The upshot of The Origin of Races was to raise the question: To what extent are you, as a scholar, responsible for your words, and for how they are used? Even if, as he insisted in public, Coon had no responsibility for how the segregationists were invoking his work, the rest of the discipline seems to have felt that he did bear some responsibility. And of course, the segregationists actually had his blessing; Coon was turning physical anthropology into an instrument with which to bludgeon Black people. Physical anthropologists at the time bent over backwards to present Coon as something other than an overeducated segregationist hack. After all, if he spoke with any authority at all, it would make physical anthropology itself into little more than racist quackery.
Sixty years later, much has changed. Physical anthropology no longer exists as a professional science. What replaced it is more expansive, more self-aware, and more ethically conscious. Of course, those intervening decades also saw sociobiology, NAGPRA, the Human Genome Diversity Project, and animal rights, each of which presented moral challenges to the field. This was never science like chemistry, or even like fruit fly genetics.
Indeed, a few years later, Dobzhansky reviewed Carleton Putnam’s sequel to Race and Reason, called… (wait for it) … Race and Reality. The new reality was much like the old, involving anthropologists, communists, and Jews and a perfervid defense of the inherent stupidity of Blacks. But now, the text was sprinkled with references to Professor Coon’s work; in fact, with more references to Coon than even to Boas! Dobzhansky promptly called the question on Coon. “Regret[t]ably, Dr. Coon has not seen fit to state whether he approves or disapproves of his scientific hypotheses being used by Mr. Putnam, for the latter's very unscientific ends. Such a statement would be appropriate regardless of whether these hypotheses are judged valid or invalid by Coon's scientific colleagues. It is a duty of a scientist to prevent misuse and prostitution of his findings” (Dobzhansky 1968:103).
And despite both the political left and the political right appreciating the political value of Coon’s work, Coon steadfastly maintained its value-neutrality; and in his plummet to scientific obscurity, if not infamy, he actually wrote something we can all agree with. “Were the evolution of fruit flies a prime social and political issue, Dobzhansky might easily find himself in the same situation in which he and his followers have tried to place me” (Coon 1968:275).
I would suggest that a few
intellectual generations later, normalizing that very recognition has helped to
distinguish the scientific pretensions of the older physical anthropology
from the scientific ambitions of biological anthropology. This is not like the
science of fruit flies. It is bio-political, and always has been. That gives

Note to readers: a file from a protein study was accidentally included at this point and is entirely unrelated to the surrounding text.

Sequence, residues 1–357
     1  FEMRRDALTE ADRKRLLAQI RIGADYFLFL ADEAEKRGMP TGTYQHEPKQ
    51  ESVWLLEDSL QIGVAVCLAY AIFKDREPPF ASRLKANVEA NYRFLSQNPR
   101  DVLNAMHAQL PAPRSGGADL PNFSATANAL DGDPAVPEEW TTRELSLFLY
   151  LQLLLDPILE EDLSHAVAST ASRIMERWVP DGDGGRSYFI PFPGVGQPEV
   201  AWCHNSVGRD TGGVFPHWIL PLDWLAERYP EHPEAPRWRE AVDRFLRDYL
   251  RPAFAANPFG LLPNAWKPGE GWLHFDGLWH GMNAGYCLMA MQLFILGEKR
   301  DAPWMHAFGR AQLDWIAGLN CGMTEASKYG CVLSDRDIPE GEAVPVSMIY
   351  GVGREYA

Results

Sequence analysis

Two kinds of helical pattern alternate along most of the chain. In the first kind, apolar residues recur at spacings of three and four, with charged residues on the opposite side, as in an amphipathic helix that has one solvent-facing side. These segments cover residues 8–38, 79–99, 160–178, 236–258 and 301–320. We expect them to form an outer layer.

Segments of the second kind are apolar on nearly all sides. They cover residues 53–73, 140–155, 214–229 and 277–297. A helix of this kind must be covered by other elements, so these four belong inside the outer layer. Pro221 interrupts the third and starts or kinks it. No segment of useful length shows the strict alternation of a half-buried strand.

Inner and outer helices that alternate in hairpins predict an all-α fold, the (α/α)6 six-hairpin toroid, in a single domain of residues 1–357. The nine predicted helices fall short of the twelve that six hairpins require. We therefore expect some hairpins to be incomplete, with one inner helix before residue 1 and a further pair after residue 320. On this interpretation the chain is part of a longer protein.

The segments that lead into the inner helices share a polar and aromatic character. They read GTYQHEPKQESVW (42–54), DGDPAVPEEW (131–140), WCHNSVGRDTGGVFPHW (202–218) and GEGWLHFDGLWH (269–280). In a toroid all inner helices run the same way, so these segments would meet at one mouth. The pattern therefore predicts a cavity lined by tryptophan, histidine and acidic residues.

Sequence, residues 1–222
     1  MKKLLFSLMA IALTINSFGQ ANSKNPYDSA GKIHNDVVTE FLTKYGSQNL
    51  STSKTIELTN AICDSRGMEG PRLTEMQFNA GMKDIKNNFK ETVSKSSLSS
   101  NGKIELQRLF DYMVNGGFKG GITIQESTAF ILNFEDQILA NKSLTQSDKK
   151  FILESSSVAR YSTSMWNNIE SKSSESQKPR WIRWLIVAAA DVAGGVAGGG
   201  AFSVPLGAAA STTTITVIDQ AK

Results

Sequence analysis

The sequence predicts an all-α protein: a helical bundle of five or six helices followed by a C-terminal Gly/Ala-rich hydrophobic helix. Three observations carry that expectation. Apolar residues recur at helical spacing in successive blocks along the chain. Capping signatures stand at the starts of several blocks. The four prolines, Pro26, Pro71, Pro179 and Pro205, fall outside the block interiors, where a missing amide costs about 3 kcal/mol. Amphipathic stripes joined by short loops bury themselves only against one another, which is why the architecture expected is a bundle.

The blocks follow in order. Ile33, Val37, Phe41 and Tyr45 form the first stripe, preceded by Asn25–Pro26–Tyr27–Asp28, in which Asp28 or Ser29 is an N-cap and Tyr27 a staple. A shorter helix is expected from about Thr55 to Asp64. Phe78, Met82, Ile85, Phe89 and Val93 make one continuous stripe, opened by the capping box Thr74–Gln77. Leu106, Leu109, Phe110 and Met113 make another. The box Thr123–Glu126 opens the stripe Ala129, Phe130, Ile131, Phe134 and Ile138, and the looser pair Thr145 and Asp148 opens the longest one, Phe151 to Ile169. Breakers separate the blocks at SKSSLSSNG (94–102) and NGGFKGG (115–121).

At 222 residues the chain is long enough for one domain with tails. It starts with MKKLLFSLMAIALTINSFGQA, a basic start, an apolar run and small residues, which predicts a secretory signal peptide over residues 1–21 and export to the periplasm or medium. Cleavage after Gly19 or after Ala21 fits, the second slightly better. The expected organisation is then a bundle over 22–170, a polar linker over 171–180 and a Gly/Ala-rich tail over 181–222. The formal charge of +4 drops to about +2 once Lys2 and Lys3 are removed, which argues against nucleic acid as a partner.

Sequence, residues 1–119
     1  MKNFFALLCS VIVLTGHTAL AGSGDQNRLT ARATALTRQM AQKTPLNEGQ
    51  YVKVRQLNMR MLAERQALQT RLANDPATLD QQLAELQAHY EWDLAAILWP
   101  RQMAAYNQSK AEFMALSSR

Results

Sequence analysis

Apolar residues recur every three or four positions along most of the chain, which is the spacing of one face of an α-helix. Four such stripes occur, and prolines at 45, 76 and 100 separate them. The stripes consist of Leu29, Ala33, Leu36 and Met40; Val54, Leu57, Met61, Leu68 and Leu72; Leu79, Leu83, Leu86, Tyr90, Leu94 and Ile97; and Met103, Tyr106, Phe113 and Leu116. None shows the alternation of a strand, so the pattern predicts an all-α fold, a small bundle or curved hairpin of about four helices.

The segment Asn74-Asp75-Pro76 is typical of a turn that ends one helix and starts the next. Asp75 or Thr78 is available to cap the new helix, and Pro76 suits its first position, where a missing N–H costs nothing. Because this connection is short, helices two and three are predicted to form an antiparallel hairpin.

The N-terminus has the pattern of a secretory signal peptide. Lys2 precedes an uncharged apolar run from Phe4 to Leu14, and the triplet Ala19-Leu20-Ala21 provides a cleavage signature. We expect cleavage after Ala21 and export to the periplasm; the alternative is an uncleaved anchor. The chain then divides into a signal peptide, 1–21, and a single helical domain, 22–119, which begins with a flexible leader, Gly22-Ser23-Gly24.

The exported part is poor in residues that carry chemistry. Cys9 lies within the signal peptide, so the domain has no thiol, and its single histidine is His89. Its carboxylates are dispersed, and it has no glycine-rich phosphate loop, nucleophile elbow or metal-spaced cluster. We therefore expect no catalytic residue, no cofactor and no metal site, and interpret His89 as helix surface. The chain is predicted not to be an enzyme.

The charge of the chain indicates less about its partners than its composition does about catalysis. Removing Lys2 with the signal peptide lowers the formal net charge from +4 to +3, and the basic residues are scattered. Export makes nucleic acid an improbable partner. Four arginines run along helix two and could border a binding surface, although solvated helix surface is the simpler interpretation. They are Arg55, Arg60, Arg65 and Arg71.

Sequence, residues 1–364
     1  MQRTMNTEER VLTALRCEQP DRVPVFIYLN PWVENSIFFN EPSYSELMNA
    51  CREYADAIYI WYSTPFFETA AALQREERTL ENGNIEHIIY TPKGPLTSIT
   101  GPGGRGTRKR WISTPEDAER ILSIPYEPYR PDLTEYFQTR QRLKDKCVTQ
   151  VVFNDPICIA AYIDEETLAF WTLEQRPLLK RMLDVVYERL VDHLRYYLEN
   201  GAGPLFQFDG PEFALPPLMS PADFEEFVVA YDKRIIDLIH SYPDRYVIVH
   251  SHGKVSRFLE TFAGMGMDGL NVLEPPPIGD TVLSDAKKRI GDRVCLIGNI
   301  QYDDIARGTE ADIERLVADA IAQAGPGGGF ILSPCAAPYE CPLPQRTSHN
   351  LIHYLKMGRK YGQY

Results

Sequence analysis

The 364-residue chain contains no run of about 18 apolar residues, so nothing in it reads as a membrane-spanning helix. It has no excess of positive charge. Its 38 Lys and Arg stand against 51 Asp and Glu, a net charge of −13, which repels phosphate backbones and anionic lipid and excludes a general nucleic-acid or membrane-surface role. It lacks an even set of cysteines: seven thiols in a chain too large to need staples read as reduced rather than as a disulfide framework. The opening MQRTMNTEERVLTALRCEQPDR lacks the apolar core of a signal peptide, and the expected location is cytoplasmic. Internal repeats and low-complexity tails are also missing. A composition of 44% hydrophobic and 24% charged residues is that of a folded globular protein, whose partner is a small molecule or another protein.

biological anthropology responsibilities that other sciences don’t have to bear,
and makes Carleton Coon’s The Origin of Races a tremendously important
work, although fortunately not in the way the author intended.
|Fred Hulse's (1962) version of Weidenreich's trellis
2015. Race relationships: Collegiality and demarcation in physical
anthropology. Journal of the History of the Behavioral Sciences 51(3):
Coon CS. 1968.
Comment on “Bogus Science.” Journal
of Heredity 59(5):275.
Coon CS. 1981. Adventures
and Discoveries. Englewood Cliffs, NJ: Prentice-Hall.
Dobzhansky T. 1968. More bogus 'science' of race prejudice. Journal of Heredity 59:102-104.
A. 1853. Essai sur l'Inégalité des Races Humaines, Tome I. Paris: Firmin
1962. Our family tree. The New York Times Book Review, 9 December.
Hulse, FS. 1962. Race as an evolutionary episode. American Anthropologist, 64, 929-945.
Jackson JP, Jr.
2001. "In ways unacademical": The reception of Carleton S. Coon's The
Origin of Races. Journal of the History of Biology 34:247-285.
Jackson JP & Depew DJ. 2017. Darwinism,
Democracy, and Race: American Anthropology and Evolutionary Biology in the Twentieth
Century. New York: Routledge.
1999. Happenings and Hearsay: Reflections of a Biological Anthropologist.
Detroit, MI: Savoyard Books.
H. 1961. Science
and segregation: The American Anthropological Association dips into politics. Science
Mayr E. 1962.
Origin of the human races. Science 138:420-422.
Putnam C. 1961.
Race and Reason. Washington, D. C.: Public Affairs Press.
Putnam C. 1967.
Race and Reality. Washington, D. C.: Public Affairs Press.
Shipman P. 1994.
The Evolution of Racism. New York: Simon and Schuster.
Weidenreich F. 1947. Facts and speculations concerning the origin of Homo sapiens. American Anthropologist, 49:135-151.
Wolpoff M. and Caspari R. 1997. Race and Human Evolution. New York: Simon and Schuster.
Thanks to Karen Strier, Graciela Cabana, Lauren Schroeder, Trudy Turner, and some other folks for their comments along the way.
 Without getting into the niceties of professional credentialing, Dobzhansky had written authoritatively on human genetic diversity. He was a member of anthropological societies and published insightfully on such topics, especially later in life, but his primary research was always on Drosophila, not Homo.
 As an ironic footnote, Carleton Coon’s scientific pretensions were such that the book was initially titled, On the Origin of Races, specifically to invoke you-know-who.